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As we await the European Central Bank (ECB) meeting later today, another item of news which is not garnering as much attention as it previously may have experienced is the events in the Red Sea. Today an escalation of attacks on marine vessels in the Red Sea is causing widespread trade disruption forcing the world’s biggest vessel owners to take alternative longer routes. This is a meaningful escalation as approximately 20% of global container shipments flow through the Red Sea and Suez Canal. Hence it can be considered a vital area or gateway for facilitating global trade.
One may remember how, at the peak
of Covid-19, supply chain blockages led to record spikes in shipping costs which
ultimately fed through to the unparalleled record goods inflation of 2021 and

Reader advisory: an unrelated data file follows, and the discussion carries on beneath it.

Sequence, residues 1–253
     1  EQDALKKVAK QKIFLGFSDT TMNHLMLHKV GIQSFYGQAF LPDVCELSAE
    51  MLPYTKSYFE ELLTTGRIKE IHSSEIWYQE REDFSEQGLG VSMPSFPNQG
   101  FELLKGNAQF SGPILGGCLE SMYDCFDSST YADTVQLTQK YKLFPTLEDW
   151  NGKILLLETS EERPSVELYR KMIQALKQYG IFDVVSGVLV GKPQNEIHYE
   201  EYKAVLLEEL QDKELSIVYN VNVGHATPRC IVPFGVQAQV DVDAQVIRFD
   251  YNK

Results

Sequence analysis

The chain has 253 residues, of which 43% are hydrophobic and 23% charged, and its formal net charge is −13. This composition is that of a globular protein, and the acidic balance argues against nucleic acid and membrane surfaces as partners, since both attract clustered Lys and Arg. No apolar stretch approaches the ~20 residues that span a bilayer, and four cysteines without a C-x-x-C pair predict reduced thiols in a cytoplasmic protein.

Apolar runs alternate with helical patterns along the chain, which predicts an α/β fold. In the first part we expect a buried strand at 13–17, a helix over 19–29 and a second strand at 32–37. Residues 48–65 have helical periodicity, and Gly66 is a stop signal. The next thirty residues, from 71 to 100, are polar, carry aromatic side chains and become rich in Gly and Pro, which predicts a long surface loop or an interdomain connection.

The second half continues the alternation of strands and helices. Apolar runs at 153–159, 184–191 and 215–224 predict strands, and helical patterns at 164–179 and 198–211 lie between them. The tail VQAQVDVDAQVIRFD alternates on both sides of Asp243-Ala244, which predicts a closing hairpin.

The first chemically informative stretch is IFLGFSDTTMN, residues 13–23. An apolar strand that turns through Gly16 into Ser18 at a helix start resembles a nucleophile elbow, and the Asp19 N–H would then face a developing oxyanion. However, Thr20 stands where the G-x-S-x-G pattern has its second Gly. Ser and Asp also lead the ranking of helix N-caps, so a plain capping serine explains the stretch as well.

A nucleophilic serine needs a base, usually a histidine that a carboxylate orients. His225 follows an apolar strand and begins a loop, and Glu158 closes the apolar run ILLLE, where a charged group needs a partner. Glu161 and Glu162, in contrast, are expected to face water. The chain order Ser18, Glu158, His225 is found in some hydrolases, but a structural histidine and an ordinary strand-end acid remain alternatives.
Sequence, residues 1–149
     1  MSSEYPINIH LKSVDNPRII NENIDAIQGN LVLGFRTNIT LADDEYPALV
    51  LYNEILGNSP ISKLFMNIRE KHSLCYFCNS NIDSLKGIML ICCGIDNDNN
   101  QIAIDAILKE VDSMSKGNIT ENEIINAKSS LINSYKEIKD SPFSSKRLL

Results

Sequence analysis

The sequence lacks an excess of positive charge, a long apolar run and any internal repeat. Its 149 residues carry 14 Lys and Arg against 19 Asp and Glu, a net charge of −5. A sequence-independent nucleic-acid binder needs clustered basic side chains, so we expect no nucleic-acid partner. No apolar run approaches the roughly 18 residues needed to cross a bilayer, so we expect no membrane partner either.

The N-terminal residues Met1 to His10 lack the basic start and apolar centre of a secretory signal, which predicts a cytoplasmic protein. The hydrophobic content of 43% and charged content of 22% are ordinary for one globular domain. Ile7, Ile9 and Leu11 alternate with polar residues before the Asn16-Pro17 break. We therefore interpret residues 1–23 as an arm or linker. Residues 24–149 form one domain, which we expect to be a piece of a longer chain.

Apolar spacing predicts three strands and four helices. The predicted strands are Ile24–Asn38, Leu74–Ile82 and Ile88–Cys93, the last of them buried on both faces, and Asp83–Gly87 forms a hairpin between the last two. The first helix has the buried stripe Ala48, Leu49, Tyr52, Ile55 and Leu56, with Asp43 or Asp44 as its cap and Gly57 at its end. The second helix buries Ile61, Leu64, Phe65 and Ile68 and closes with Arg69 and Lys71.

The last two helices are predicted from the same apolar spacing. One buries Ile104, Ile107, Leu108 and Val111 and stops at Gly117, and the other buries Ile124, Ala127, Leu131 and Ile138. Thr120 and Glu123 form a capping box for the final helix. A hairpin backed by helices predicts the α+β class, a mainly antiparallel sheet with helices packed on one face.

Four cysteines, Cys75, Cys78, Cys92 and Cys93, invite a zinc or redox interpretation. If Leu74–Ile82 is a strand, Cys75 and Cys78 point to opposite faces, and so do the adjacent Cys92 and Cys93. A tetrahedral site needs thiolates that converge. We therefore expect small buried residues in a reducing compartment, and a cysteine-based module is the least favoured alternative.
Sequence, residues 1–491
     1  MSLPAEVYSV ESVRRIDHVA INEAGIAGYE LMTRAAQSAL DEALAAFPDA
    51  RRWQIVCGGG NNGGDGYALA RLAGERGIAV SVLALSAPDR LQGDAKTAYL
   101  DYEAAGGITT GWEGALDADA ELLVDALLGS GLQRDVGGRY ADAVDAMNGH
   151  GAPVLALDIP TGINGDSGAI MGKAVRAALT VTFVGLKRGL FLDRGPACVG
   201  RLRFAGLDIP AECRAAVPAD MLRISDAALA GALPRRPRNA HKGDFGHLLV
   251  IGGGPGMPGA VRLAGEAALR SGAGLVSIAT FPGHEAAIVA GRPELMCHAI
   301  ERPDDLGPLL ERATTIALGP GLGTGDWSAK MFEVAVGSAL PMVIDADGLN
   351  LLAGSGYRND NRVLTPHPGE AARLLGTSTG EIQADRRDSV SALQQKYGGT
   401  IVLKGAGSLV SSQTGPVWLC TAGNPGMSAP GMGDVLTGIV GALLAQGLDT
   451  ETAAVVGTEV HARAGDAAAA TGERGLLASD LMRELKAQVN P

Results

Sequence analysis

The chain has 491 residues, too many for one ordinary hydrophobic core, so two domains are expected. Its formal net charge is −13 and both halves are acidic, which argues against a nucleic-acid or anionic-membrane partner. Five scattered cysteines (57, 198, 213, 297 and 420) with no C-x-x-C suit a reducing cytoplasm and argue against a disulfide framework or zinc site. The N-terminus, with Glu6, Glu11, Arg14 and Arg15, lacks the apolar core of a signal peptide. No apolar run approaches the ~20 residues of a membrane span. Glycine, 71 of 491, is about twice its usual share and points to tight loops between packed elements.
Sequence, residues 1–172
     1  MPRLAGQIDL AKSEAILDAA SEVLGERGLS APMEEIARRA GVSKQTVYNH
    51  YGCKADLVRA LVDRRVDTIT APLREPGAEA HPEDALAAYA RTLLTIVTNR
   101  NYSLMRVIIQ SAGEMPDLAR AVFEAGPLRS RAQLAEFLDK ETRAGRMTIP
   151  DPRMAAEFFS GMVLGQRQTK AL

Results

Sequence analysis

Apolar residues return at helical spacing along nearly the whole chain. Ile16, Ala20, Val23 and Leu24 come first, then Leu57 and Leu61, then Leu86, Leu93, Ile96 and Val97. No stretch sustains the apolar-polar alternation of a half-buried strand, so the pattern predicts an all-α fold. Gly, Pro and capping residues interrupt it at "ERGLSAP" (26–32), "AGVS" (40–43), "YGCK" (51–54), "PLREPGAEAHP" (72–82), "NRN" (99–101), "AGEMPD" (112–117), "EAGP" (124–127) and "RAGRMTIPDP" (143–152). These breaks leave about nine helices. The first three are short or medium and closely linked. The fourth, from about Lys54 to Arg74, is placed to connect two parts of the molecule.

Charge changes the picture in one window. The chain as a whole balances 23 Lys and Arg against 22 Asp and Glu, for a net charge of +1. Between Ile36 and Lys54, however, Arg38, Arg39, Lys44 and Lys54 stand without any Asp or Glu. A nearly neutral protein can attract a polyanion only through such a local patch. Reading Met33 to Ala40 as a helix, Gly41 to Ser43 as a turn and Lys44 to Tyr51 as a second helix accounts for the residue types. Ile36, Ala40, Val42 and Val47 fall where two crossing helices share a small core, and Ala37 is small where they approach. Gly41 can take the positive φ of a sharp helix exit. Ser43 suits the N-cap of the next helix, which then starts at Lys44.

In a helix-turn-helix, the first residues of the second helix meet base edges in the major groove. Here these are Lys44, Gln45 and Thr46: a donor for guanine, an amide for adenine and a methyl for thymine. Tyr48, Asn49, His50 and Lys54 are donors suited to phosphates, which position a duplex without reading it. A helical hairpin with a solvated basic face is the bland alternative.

2022. Today, the events in the Red Sea are causing delays of up to two weeks
for some container ships, with customers facing delayed delivery of goods and a
greater risk of higher transportation costs. The routes experiencing the
highest rise in prices is the freight rates from Europe to Asia.
Before getting too concerned
however about a widespread return of goods blockages, it may be useful to
review our latest Chart of the week. This graph charts the price journey
of freight rates outside of Shanghai. Whilst rates have risen quite
meaningfully from the 2023 lows, they remain significantly below the highs
experienced during the peak stresses of 2021. In addition to this, the Baltic Dry
Index, which is not show here but is a globally watched indicator, remains on a
downward trajectory since December.